In February, Ed Martin, president of the Association of Racing Commissioners International, caused quite a stir when he called for the New York State Racing and Wagering Board to review the license of trainer Richard Dutrow, Jr.
Martin’s suggestion was greeted with both approbation and skepticism. Dutrow’s record of violations sits uneasily with those seeking integrity in racing, and Martin’s declaration was seen as a shot in the fight to rid the game of one who consistently breaks the rules, coming as it did shortly after the NYSRWB suspended Dutrow for 90 days after his Fastus Cactus tested positive for the painkiller Butorphanol.
Yet not everyone applauded Martin’s stance. Dutrow is not known for kowtowing to the press or the authorities – this is the man, after all, who famously called in sick when asked to appear before Congress – and in some quarters, Martin’s statement seemed geared towards sticking it to a man whose attitude rubs a lot of people the wrong way.
I recently spoke with Martin, who explained that his position has everything to do with what’s good for racing and nothing to do with the personality of the man involved.
Racing, said Martin, is “struggling with concept of deterrence.” He believes that the risk of losing the ability to participate in the sport could and would be an effective deterrent to those who have a continual pattern of disregard for the rules.
He makes clear that he did not call for Dutrow’s license to be revoked. “I suggested,” he said, “that Dutrow’s history of violations should be considered in the renewal of license.”
And he says that racing fans should expect to see more of the same in the near future. “In the next couple of months,” he explained, “we’ll be sending letters to racing commissions about licenses by virtue of the information in the RCI database, which is the only central record of violations of repeat offenders.”
Then, he pointed out, the matter is in the hands of individual jurisdictions. “We have no authority on licensing,” he said. “Jurisdictions have the authority to handle situations and our recommendations as they will. They’ll make their own decisions.” He acknowledged that the RCI does have “the power of the pulpit,” and can make recommendations to members, recommendations that are the process of extensive discussion with RCI members.
Martin spoke with me shortly after the ARCI’s annual conference, held this year in New Orleans in the days before the Louisiana Derby, and he said that one of the discussions focused on Hugh Gallagher of the Delaware Standardbred Association. According to Martin, the Delaware will now impose conditions on licenses for those who incur numerous repeat offenses in certain areas. If a chronic offender repeats, he would agree to surrender his license.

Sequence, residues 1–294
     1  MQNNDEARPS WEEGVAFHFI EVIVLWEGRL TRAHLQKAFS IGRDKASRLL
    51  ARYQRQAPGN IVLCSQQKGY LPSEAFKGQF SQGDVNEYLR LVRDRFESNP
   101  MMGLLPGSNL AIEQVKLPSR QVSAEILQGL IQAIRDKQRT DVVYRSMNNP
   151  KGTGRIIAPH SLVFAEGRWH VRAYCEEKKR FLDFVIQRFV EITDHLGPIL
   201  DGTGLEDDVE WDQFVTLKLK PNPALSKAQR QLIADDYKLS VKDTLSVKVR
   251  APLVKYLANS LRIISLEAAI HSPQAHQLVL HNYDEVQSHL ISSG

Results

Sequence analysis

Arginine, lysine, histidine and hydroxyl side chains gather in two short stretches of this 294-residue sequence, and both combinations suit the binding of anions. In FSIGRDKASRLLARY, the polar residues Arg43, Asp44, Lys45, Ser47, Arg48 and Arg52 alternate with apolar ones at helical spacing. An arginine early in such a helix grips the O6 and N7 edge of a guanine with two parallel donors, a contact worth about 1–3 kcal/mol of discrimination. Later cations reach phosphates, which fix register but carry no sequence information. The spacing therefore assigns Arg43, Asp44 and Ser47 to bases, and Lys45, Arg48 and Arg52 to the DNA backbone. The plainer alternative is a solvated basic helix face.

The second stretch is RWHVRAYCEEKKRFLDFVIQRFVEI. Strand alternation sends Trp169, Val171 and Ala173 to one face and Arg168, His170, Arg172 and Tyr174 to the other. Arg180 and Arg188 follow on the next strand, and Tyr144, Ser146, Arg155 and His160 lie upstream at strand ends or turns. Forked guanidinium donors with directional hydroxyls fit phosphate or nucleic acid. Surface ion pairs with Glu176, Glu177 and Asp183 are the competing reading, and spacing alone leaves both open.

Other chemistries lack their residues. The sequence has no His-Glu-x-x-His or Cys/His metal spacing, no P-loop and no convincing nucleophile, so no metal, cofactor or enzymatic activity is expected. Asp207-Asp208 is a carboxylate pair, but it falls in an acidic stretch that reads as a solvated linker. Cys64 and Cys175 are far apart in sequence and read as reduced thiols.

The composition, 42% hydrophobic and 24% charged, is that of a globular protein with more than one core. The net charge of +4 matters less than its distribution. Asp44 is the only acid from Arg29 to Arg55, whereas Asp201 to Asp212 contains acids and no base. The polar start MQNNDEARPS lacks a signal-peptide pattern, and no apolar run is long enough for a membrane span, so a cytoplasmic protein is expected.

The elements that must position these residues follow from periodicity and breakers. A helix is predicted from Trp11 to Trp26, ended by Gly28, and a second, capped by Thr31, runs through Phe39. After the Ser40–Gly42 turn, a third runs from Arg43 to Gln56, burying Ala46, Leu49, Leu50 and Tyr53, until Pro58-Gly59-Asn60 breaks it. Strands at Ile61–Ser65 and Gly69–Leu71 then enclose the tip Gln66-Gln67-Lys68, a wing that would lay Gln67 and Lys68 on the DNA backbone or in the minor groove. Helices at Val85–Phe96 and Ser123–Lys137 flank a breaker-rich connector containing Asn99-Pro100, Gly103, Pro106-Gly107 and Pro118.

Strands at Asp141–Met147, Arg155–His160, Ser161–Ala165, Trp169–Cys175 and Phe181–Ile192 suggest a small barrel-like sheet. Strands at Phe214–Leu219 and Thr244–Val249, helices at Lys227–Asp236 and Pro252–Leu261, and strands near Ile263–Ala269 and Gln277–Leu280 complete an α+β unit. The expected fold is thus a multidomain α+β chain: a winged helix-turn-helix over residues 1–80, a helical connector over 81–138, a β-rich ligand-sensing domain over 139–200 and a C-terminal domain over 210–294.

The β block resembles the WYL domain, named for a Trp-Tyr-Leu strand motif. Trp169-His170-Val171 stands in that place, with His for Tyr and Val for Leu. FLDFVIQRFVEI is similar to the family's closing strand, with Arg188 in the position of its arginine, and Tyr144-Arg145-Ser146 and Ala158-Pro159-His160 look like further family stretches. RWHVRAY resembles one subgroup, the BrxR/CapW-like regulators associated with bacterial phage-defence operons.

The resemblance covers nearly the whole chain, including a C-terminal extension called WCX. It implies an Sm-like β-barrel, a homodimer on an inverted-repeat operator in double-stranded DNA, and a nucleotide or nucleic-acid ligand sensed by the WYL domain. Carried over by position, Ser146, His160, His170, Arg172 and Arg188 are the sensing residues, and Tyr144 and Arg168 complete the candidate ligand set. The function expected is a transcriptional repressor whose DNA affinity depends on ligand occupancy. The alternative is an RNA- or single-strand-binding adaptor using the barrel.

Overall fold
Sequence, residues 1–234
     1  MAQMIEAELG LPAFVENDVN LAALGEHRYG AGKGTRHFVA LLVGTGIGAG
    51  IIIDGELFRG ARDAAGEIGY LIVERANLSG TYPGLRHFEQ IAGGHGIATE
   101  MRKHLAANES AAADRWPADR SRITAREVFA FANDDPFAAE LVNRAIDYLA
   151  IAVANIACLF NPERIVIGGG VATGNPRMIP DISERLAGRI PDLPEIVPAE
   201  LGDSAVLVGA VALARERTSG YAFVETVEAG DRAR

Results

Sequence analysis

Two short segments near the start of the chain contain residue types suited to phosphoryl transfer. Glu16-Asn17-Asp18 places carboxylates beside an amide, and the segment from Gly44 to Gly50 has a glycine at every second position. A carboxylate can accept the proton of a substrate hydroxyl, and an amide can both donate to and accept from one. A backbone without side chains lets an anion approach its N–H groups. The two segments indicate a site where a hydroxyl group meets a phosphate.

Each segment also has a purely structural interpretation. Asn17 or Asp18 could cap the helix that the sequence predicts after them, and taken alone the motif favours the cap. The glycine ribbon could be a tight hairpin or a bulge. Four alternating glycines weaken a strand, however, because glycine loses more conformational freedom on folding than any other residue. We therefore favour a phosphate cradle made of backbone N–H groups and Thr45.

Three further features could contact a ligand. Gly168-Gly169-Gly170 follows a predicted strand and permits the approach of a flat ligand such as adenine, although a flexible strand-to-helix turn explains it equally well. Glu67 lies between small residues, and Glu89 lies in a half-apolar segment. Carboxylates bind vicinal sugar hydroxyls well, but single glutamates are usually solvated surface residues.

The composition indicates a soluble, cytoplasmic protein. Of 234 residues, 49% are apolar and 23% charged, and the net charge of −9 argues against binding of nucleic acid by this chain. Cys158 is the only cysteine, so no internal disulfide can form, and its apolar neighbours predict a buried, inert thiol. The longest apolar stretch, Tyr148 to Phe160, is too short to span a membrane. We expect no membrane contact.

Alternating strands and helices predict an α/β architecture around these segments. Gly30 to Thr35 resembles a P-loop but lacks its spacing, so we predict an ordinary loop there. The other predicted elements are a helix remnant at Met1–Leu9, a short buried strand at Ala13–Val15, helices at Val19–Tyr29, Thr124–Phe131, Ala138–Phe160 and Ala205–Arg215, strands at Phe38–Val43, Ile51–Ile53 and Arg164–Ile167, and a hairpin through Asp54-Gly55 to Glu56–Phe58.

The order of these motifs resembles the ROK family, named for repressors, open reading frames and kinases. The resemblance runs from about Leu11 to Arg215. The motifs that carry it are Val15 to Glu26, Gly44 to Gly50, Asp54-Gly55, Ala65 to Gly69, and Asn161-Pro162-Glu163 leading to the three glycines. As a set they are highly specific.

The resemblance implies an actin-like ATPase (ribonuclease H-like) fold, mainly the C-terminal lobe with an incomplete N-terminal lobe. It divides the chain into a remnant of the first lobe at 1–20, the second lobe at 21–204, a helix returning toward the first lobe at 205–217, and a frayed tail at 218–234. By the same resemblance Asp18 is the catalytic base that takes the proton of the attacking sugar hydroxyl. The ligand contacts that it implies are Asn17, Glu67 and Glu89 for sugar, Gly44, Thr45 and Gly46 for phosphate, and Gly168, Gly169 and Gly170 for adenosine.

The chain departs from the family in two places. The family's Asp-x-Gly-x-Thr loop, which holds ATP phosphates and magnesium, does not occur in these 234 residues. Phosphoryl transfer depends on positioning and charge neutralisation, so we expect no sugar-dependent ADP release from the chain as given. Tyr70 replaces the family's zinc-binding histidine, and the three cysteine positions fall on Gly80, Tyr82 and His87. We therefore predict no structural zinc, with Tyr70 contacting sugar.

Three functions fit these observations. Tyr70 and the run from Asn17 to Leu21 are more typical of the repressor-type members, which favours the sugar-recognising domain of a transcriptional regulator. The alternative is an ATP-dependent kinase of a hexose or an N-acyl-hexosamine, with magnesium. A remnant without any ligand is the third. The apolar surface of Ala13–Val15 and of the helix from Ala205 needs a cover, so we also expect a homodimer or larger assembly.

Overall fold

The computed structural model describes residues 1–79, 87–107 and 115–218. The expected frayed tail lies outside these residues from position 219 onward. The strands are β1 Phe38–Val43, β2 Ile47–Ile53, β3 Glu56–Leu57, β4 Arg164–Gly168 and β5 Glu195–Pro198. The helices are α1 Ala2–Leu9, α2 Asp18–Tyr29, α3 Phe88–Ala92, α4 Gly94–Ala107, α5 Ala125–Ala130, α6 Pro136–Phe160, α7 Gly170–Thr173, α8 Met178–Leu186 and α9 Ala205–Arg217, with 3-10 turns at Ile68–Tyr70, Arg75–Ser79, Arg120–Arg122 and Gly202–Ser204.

“It is,” Martin claimed, “a potential effective deterrent and it will get people to obey the rules.”
Martin characterized his request to the NYSRWB as a matter of timing. “We’ve been talking here [at the ARCI] about doing this, and Dutrow just happened to be the next guy to get another violation. It triggered what we’ve been talking about, about putting commissions on notice for repeat offenses as part of licensing review. Dutrow just happened to be the one that tripped the wire.”
Martin insisted that personality had nothing to do with it. “I’ve never met the man,” he said. “His record is his record.”
Martin is a former executive director of the very organization on which he’s calling now to take a tough line. He left the NYSRWB in 2005, and he doesn’t, he said, remember working with Dutrow in his time at the board. He spoke in detail about the process by which decisions were made about offenses, but, he said, “I managed that process. I didn’t determine penalties.”
According to Martin, the RCI is determined to try to develop ideas and proposals that will improve the reputation of racing. He admitted that while the process of hearings and appeals is “very fair,” it comes under criticism because of how long it takes. He characterized those complaints as “very valid.” “We wrestle with how to make the system work as efficiently as possible without denying constitutional rights. It’s a balance we have to play with.”
Martin also acknowledged the value of greater transparency. “We’re in discussions about to make the system, the process more public and transparent.” Asked about public access to the RCI database of violations and fine and suspension information, Martin said that the cost of public access would be prohibitive. “It’s a costly system to operate,” he explained, “and we do charge a fee to those who want to access the records. We can’t do it otherwise; we’re a small not-for-profit.”
Martin grew up on Long Island and he recalled that he used to cut his high school classes to go to Belmont. He’s been a consultant and a radio talk show host; he worked in the Reagan administration. His previous jobs, he said, pale in comparison to his current one. “Racing regulation,” he said, “is the most interesting, fascinating thing I’ve ever done.”
Update: late this morning, the Kentucky Horse Racing Commission denied Dutrow a racing license.